SIR DONALD GEORGE BRADMAN
In the world of sport, there occasionally comes a being of superlative skill, whose exploits in the game define him or her as even greater than the great players. Michael Jordan in basketball and boxer Muhammad Ali were two of the mould, breaking through the supposed boundaries of their sport. In the world of cricket, Sir Donald Bradman was such a man. The most prolific (Highly productive) run-maker ever and, in terms of statistics, the greatest batsman ever. At the end of the twentieth century, just over a year before the great man's death, nobody playing the game had got within spitting distance of his unparallel batting record. He averaged 99.94 in all test matches- the five-day form of the game that is regarded as the most demanding. Compare his average to the best that hover around the 50-60 mark. There can be little doubt that these others were, and according to those still playing, are, truly great players. Realizing that Bradman's test average is nearly twice their averages, it gives you an idea of how great he was.
Don Bradman was born in 1908 in a backwater village, near to the city of Sydney in Australia. He found that his school didn't apportion him much importance to sport, much to his disappointment. Coupled with lack of school friends living near by, he was forced to find ways to amuse himself. He invented a game where he slung a golf ball against a water tank, and, grabbing a cricket stump with both hands, tried to zip the ball back as it came back at some speed and odd angle towards him. He admitted later in life that, in his own modest reserved way, than more often than not he was successful in hitting his target. Also he revealed that many a cricket fantasy was lived playing the same game.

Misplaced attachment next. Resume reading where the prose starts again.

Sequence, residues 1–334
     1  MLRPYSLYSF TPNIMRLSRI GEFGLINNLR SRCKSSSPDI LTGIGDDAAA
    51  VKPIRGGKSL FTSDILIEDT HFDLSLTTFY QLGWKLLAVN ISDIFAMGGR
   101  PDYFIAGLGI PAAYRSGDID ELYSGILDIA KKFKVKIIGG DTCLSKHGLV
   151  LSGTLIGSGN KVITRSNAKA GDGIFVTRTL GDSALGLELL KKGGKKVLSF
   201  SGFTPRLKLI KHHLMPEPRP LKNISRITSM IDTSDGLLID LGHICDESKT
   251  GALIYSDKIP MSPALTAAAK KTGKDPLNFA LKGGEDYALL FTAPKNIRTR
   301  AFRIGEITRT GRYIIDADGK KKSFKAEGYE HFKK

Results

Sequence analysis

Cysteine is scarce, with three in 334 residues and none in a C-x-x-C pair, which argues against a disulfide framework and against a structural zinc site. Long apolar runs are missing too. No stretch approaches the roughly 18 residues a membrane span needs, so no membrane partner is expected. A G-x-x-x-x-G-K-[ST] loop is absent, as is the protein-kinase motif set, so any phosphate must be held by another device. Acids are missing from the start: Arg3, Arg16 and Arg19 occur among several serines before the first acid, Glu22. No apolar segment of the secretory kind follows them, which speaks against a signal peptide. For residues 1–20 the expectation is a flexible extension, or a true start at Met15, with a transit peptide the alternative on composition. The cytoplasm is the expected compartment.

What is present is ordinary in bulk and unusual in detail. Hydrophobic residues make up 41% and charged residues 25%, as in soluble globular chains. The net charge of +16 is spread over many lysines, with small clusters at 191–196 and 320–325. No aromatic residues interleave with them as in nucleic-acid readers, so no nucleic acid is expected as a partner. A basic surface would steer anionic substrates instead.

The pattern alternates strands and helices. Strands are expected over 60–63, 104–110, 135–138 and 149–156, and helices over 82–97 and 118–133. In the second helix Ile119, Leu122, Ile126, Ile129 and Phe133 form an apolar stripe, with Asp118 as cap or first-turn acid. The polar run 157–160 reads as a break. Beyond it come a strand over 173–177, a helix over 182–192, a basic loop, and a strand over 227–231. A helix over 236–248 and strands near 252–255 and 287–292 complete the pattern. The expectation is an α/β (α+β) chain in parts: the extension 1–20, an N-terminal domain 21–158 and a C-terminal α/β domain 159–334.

Having perfected his hand-eye coordination from a tender age, he was able to test his ability real soon after leaving school. A local club team Bowral Town, found themselves a man short when young Bradman was their scorer....
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